A while back, I went coast to coast in Costa Rica on a fabulous vacation with my fantastic cousin. She visited me in Ecuador and in Honduras (3 times!), and she initiated the planning of this outstanding Costa Rica trip. I’ve also just coaxed her into a visit to Scotland! That’s what brought up all these fun memories of trips past.
*Note: All photos in the post are from my fabulous prima, because I took none at all. A good blogger I was not!*
Here she is in all her sassy fabulousness
So with my travel-loving cousin and our meager budgets, off we went to Costa Rica!
This diverse Central American nation offers extensive coastline to explore on both the Caribbean and the Pacific. A lush interior makes for fabulous traversing between coasts.
While not alone in boasting two coasts, Costa Rica does stand alone in its famously eco-friendly efforts.
Bonus: Costa Rica also abolished its standing army back in 1949! That makes it one of only 21 sovereign states in the entire world to have no active military. [source Yes, I’m referencing Wikipedia, much to the chagrin of every teacher in my life.]
A pacifist, eco-friendly nation boasting diverse natural beauty? Count me in.
Going Coast to Coast in Costa Rica
The trip we planned was very typical for overly ambitious Americans trying to maximize their too-few vacation days. Since moving out of the U.S. (and especially since moving to the UK), it has become ever clearer to me that American work practices are abysmal.
Alas, we planned a trip going coast to coast in Costa Rica because, well, of course we would!
While I can’t say this is a good itinerary for everyone, it certainly suited our youth, energy, and tiny budget. If you find yourself in that same early-20s boat (that is, you have no boat and certainly no budget for a boat), feel free to steal our plan.
Seeing both coasts in Costa Rica required an epic bus journey across the entire country. Having lived in Ecuador, where I hailed down buses from the side of the Pan-American Highway, I wasn’t too phased. And luckily for me, my cousin is just a badass.
Like most North Americans, we started our journey by flying into the main international airport in the capital city, San José. Juan Santamaria Airport (SJO) is only about 10 miles outside of San José, which is fairly centrally located within the country.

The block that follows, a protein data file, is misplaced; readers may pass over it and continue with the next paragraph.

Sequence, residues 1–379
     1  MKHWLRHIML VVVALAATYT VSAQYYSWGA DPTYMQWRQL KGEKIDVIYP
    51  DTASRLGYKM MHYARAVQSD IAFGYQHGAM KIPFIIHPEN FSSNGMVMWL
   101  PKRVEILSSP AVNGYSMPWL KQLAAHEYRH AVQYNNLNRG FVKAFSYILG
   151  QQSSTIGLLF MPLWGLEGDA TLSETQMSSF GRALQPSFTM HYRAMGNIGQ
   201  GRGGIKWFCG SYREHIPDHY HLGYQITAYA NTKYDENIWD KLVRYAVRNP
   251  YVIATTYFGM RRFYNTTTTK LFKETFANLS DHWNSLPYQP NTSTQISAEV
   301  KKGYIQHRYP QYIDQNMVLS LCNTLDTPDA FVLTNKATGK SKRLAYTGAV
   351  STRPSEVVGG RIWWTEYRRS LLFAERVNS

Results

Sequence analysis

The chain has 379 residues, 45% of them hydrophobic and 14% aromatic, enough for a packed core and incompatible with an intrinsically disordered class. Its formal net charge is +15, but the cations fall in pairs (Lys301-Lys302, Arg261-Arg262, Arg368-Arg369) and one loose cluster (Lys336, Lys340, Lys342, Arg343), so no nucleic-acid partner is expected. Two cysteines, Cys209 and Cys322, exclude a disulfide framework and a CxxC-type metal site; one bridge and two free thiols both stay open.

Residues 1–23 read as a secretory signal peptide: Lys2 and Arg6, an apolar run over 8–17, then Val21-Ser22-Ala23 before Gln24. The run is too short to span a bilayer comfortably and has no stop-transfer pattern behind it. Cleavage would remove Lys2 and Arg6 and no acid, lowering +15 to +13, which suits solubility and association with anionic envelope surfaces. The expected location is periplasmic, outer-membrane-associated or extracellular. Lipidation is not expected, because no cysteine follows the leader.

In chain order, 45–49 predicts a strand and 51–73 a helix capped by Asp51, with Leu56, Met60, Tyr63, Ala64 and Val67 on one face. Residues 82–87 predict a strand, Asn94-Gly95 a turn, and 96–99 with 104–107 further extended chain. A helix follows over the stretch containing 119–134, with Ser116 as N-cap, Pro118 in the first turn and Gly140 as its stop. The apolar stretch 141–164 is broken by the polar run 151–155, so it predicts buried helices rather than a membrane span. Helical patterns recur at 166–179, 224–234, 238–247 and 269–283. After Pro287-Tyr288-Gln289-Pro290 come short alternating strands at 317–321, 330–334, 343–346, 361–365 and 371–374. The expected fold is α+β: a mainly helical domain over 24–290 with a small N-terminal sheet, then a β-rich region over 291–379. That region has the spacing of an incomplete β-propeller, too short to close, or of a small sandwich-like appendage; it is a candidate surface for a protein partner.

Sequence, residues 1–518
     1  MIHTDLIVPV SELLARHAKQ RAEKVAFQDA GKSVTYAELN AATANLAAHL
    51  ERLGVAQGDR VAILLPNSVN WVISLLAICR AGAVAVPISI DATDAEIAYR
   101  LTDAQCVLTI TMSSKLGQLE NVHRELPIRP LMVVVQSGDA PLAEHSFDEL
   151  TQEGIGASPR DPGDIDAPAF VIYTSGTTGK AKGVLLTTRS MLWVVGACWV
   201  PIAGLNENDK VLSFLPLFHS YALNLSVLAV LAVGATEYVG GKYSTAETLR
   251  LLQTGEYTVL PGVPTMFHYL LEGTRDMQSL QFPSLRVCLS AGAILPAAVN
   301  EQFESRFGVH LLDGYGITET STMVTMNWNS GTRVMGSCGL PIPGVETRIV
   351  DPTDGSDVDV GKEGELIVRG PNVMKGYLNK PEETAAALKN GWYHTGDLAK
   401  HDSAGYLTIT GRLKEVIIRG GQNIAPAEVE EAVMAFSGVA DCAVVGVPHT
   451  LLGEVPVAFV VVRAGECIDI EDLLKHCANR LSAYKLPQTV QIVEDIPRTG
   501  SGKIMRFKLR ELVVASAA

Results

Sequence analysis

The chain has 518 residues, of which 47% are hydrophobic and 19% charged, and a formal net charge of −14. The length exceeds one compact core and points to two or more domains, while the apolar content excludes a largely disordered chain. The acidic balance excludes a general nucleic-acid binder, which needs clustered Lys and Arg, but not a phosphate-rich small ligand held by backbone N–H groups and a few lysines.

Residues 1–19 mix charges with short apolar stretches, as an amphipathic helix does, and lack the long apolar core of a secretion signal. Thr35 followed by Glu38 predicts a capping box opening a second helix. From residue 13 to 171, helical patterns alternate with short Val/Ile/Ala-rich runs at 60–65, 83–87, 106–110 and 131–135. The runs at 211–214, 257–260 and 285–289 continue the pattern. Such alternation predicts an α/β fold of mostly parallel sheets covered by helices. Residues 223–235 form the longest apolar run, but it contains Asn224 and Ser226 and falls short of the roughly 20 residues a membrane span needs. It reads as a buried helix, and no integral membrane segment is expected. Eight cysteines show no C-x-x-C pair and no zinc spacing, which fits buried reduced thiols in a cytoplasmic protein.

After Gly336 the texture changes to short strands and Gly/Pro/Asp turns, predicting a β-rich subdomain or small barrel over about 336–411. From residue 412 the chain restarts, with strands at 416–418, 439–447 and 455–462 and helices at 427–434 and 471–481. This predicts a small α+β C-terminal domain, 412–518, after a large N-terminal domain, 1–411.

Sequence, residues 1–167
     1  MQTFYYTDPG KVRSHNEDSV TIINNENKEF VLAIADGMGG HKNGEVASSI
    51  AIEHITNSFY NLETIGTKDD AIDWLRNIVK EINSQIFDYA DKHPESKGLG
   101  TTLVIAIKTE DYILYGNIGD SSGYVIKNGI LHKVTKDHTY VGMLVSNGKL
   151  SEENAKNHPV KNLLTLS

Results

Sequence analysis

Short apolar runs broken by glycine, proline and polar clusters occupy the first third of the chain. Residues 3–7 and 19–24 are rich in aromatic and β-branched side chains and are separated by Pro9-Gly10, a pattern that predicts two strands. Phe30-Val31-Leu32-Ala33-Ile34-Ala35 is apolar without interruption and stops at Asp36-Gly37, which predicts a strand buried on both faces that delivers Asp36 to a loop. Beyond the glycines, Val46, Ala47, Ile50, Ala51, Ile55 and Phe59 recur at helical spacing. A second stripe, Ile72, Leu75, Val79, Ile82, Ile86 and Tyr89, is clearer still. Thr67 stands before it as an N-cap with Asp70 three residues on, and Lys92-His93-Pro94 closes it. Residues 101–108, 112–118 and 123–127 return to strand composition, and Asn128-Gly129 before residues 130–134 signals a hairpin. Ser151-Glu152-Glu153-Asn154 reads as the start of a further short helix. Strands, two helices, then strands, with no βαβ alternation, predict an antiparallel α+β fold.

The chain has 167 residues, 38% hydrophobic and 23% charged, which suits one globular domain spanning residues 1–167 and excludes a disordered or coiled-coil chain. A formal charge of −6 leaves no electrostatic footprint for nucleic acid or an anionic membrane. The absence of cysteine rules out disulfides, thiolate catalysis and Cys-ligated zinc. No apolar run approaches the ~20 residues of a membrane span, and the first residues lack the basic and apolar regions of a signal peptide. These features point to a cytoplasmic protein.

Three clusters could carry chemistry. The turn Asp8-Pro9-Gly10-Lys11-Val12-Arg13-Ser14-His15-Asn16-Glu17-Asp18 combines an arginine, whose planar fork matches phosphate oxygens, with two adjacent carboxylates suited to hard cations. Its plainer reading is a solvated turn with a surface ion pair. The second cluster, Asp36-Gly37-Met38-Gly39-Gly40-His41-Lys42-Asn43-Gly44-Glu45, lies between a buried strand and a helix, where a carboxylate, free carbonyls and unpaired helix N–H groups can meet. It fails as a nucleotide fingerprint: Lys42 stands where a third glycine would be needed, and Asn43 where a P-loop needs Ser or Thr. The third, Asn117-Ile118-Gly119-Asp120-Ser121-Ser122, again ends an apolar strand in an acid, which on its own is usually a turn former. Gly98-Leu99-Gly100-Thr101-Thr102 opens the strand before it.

So, given our tiny budgets and very limited timeframes, we surely chose to maximize that time and money and take the shortest trip to the coast, right?
Of course not!
Caribbean Coast of Costa Rica
We started our trip on the Caribbean coast of Costa Rica, which is long and offers endless opportunities for beachfront vibes. And we opted for the farthest beach town that is actually right near the southern border with Panama.
Because, why not?
Puerto Viejo de Talamanca is a popular tourist destination, which is what flagged it in our early research days. Known for its surfing and attracting a budget-conscious crowd, it obviously appealed to us.
Note that it is known locally as just Puerto Viejo. If you go, be careful because there is a Puerto Viejo farther north, so don’t get on the wrong bus!
While there, we mastered the art of relaxing at our hostel across the street from the beach, complete with plenty of porch hammocks. Life is just better with hammocks and you’ll never convince me otherwise.
We also enjoyed a visit to the Jaguar Rescue Center, where I cuddled baby monkeys and sloths (I’m not crying *you’re* crying!).[one_half][/one_half][one_half_last][/one_half_last]
I’ve learned so much over my years of traveling about animal welfare – especially in the tourism industry. What I appreciate about this particular spot is its efforts to rehabilitate and release animals, rather than keeping them for tourism dollars.[quote color=”#000000″ bgcolor=”#d1d1d1″]